Watch Movies And TV Shows With Happy Endings
Yeah, it’s a simple idea to add to your toolbag of coping. Here are a few recommendations:
Hey, I’d love to hear if you have any movies that help you deal with a difficult situation. Please share them in the comments below.
Avoid Negative Thinking Patterns
Negative thinking can be a real problem for people, especially when stressed. Negative thoughts can lead to depression, anxiety, and other mental health issues. If you have trouble dealing with negative thinking, try to focus more on positive things in life.
Negative thinking patterns include catastrophizing, ruminating, and mind-reading.
If you find yourself in a negative thinking pattern, you need to break it. You can use some of the previous coping mechanisms to break patterns.
Think About The Future
Thinking about the future can help you plan and prepare for stressful situations.
Get Enough Sleep
I have mentioned this earlier in conjunction with other self-care coping mechanisms, but it deserves its own recommendation. Getting enough sleep reduces stress levels.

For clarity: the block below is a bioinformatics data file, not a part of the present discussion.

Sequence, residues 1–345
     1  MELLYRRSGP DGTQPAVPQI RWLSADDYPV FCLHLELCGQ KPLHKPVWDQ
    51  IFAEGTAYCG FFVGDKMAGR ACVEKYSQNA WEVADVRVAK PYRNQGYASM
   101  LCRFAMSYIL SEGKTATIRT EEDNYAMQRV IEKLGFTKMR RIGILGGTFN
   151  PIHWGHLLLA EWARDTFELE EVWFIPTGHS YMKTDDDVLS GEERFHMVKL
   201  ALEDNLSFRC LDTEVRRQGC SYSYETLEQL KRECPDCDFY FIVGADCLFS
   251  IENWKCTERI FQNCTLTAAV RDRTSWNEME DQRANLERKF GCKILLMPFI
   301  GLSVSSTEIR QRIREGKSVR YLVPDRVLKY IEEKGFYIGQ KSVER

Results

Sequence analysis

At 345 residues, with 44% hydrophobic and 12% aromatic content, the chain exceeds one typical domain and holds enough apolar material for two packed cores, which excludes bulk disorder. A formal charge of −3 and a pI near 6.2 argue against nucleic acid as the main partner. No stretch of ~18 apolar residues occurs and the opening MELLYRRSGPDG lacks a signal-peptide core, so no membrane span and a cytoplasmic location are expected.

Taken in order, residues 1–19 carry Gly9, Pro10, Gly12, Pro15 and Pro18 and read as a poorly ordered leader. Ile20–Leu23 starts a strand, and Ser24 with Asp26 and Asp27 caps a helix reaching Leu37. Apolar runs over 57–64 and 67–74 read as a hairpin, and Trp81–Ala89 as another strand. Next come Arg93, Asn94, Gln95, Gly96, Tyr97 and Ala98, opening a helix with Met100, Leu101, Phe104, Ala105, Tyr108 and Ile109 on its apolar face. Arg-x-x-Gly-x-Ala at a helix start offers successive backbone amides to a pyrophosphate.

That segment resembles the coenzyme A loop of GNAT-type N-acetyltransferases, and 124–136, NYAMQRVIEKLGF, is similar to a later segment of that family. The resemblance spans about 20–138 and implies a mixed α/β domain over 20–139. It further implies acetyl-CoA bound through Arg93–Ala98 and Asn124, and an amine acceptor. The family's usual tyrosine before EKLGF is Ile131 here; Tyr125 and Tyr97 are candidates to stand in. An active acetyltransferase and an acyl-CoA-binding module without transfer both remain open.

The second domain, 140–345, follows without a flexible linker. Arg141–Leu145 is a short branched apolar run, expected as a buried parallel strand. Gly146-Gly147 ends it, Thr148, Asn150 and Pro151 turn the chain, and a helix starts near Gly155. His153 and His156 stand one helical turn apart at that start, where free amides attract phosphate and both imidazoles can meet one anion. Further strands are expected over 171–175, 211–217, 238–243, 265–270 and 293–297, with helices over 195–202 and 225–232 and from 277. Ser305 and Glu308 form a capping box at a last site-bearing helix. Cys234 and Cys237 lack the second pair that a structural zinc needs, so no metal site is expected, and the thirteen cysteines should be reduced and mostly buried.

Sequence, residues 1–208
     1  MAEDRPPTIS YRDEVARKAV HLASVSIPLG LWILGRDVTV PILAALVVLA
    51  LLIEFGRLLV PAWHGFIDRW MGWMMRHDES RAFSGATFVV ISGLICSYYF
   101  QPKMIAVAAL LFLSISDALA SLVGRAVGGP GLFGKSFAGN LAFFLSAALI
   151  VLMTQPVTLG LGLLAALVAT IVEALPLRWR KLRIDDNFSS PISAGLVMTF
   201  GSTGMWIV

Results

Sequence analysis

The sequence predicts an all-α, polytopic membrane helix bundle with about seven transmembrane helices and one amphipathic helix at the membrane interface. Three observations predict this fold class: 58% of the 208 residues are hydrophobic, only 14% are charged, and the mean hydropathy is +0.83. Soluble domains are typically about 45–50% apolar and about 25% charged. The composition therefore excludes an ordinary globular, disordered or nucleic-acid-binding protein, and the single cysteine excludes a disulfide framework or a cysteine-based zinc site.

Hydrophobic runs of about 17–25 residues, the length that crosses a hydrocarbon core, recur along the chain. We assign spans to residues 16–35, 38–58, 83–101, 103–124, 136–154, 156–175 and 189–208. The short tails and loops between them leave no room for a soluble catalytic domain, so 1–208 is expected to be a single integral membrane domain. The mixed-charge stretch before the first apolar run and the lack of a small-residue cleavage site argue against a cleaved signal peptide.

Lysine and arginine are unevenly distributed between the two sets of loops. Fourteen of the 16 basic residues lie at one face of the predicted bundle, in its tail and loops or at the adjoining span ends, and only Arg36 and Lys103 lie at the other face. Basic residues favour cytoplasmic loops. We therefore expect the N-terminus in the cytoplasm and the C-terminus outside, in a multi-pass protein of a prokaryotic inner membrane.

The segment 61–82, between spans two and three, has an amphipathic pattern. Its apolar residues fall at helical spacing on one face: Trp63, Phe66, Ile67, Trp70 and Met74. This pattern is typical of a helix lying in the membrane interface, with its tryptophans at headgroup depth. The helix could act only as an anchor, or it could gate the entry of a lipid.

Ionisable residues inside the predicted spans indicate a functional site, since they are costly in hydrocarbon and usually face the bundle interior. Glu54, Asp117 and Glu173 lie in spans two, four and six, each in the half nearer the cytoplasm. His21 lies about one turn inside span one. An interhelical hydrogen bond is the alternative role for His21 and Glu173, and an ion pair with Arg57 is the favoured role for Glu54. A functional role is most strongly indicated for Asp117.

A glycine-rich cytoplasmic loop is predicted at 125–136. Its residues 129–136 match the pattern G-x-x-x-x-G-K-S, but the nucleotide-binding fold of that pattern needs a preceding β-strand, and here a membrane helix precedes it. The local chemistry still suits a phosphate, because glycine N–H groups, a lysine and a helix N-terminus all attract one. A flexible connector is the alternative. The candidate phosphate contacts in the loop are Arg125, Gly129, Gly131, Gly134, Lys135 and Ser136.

Be Present In The Moment
Being present in the moment can help you cope with difficult situations.
Focus On The Good Stuff
Focus on the good stuff instead of dwelling on the negative.
Find Meaningful Relationships
Having meaningful relationships can boost your sense of purpose and give you something to look forward to.
Finding meaningful relationships can be difficult if you’re looking for something exclusive, but it’s easier when you’re just trying to make friends with people who share your values.
One of the best coping mechanisms is to have a strong sense of humor. Take time to laugh.
By practicing these coping skills, you will be implementing the Resilience Building Plan. I want to reiterate one final point in the plan.
I included getting help as a coping skill; however, getting help has its own place in the plan.
We identify vulnerability, understand the effects of stress, know how to deal with stress, practice coping skills, and get help when we need it.
I hope that this has helped. For some final motivation, check out this video: